Some photographers think filters aren't as important nowadays, with all the amazing software around, but we disagree. First of all, some filters have an effect you cannot simulate in post processing. Second, the time you spend recreating a filter effect could be used more efficiently to do something else. Third, applying a filter effect on your photo could damage the file. You're just better off using the real thing. With that said, here are 6 common mistakes photographers make when it comes to filters.
Keeping filters dirty
Any filter you put on your lens is just as important as any other glass element in that lens's construction. You wouldn't want any of those to get dirty, would you? Keep your filters clean at all times to ensure maximum image quality and to make them last.
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Buying Cheap filters
Apart from one exception, buying low quality filters won't save you money. Instead, it will put you through a lot of trouble. Image quality might have to suffer, but so could your lens. The only exception is the UV filter. Even the cheapest UV is better than no filter, particularly if we're talking about an expensive lens.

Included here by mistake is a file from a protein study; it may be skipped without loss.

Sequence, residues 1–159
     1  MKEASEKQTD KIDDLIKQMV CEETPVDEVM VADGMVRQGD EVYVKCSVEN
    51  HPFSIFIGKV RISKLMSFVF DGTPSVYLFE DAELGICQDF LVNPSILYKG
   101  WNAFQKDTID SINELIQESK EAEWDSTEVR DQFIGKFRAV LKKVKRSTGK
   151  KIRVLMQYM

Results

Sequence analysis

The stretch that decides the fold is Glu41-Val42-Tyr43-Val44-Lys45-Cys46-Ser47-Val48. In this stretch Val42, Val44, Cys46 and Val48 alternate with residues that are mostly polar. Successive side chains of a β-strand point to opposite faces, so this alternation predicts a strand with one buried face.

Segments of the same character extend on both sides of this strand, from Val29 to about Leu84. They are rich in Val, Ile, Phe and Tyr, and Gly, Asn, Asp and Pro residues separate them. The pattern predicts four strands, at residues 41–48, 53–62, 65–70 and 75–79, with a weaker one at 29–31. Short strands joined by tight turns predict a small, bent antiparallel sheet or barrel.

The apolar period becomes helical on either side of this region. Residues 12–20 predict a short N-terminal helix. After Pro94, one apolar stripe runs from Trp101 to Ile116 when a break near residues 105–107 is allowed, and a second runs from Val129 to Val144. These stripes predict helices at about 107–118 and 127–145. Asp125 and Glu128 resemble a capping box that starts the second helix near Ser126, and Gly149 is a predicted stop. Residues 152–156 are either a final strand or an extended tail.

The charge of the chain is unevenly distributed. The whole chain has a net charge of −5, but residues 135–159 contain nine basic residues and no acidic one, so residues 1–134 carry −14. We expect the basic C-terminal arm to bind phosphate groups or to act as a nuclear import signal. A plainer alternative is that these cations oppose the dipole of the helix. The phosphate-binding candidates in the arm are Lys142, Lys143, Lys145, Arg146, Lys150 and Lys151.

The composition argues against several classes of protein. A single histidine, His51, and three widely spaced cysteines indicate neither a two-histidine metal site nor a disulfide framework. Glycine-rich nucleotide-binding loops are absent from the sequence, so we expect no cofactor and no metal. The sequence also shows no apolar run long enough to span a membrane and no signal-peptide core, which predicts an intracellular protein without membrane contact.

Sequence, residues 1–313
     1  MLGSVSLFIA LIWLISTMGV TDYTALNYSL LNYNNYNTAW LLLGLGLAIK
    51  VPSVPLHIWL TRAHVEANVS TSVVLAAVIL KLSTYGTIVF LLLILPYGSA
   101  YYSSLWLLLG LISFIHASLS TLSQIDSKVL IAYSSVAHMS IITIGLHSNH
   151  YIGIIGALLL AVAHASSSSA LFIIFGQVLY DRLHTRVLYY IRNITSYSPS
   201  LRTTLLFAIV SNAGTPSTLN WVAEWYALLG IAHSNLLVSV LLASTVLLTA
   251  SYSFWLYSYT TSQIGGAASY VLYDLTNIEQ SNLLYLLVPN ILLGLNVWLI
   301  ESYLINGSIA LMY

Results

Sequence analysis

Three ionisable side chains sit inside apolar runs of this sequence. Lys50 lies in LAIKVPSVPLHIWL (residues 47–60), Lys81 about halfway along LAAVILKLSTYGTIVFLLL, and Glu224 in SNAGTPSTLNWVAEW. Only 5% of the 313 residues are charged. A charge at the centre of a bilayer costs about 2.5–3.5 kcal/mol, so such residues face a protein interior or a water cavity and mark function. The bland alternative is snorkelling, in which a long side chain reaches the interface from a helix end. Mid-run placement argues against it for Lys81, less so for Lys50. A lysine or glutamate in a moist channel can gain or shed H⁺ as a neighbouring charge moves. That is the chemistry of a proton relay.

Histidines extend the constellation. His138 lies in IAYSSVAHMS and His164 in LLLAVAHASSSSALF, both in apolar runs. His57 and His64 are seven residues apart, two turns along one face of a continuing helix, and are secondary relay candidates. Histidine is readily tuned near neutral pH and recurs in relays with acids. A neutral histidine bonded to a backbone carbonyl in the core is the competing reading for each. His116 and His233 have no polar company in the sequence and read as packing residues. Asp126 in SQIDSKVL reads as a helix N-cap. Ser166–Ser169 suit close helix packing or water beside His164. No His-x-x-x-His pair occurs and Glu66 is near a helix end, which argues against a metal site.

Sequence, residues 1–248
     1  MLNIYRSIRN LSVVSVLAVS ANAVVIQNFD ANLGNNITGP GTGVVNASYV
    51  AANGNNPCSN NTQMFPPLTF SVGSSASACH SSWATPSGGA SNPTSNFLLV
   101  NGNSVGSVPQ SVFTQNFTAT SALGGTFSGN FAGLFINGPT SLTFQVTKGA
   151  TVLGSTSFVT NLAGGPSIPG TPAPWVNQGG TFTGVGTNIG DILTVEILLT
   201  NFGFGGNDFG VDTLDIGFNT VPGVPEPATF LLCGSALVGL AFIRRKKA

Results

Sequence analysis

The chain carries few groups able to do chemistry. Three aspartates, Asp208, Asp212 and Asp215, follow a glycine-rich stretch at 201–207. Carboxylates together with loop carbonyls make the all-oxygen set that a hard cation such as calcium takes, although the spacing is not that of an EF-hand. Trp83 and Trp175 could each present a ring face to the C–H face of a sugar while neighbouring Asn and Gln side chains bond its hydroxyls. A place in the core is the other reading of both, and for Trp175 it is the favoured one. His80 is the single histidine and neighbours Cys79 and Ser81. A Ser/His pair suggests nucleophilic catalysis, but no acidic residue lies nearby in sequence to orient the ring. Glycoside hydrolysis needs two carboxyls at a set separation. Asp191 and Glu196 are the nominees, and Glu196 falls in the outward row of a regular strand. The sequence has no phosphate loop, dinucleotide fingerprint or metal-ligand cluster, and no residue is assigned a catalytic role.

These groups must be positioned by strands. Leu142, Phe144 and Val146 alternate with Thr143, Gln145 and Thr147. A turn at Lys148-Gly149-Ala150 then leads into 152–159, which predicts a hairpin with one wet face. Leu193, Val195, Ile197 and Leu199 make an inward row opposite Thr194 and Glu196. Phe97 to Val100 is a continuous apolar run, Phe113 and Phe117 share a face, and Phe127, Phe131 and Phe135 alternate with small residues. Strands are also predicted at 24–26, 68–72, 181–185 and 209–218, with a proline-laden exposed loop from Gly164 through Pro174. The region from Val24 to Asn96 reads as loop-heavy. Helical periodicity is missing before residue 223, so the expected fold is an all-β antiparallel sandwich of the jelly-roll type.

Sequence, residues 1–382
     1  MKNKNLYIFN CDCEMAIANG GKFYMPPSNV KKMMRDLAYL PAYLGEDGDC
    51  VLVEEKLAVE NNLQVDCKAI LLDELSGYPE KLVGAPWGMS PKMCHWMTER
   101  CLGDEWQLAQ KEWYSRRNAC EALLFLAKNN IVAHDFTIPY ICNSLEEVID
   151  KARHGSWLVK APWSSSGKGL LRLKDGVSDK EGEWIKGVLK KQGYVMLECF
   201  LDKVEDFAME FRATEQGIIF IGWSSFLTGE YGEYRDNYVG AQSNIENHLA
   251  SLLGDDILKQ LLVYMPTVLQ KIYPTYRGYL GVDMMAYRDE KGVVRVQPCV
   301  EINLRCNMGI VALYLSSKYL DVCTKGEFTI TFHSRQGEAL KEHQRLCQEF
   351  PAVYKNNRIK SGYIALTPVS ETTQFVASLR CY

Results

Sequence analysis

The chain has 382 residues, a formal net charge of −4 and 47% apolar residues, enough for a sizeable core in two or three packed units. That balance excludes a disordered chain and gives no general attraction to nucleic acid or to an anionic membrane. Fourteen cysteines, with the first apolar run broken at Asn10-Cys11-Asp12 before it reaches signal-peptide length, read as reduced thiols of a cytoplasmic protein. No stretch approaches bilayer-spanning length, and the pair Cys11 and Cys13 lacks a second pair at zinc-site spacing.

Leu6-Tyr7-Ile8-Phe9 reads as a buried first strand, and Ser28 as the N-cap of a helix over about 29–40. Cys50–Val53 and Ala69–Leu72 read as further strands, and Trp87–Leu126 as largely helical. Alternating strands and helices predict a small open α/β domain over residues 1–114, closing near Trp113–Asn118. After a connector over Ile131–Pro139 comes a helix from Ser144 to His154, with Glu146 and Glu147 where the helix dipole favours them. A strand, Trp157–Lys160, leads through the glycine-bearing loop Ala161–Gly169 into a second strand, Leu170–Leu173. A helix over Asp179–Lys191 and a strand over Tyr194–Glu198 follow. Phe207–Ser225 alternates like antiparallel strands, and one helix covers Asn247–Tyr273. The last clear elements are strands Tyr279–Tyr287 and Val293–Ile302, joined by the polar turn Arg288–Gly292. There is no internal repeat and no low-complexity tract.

Incorrect positioning of a graduated filter
ND's are one of the most used categories of filters, but beginners often misuse them. A graduated neutral density filter is used to even the exposure between the sky and the ground. If you misplace it, the sky will continue to look too bright or the horizon will look too dark.
Forgetting about the lens cap
It is said that having a UV filter mounted at all times replaces the lens cap. While indeed it serves a similar role of protection, forgetting about your lens cap all together will cause your UV filter to get scratched and damaged a lot quicker. At the end of the day, when all camera work is done, remember to put the lens cap back into position, over the filter.
Not using the polarizer ring
This is a cute rookie mistake, but ultimately it signals insufficient skills. All circular polarizers have a ring that you use for...polarizing. You're definitely going to use a different ring position when photographing a blue sky and a reflection in a window.
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Using a ND filter indoors
Again, a rookie mistake, but a common one nonetheless. I've seen beginners screw on a 3 stop filter and leave it on for good, only to become confused over the exposure settings on the camera. This type of filter is used for outdoor work 90% of the time. If you're shooting video, then yes, you might need it inside, but that's a different story. Only use ND's when you need to tone down exposure without changing camera settings.
Finally, our recommended source for filters is Roberts Camera. Check out their filter selection here and make sure you get all the must-haves.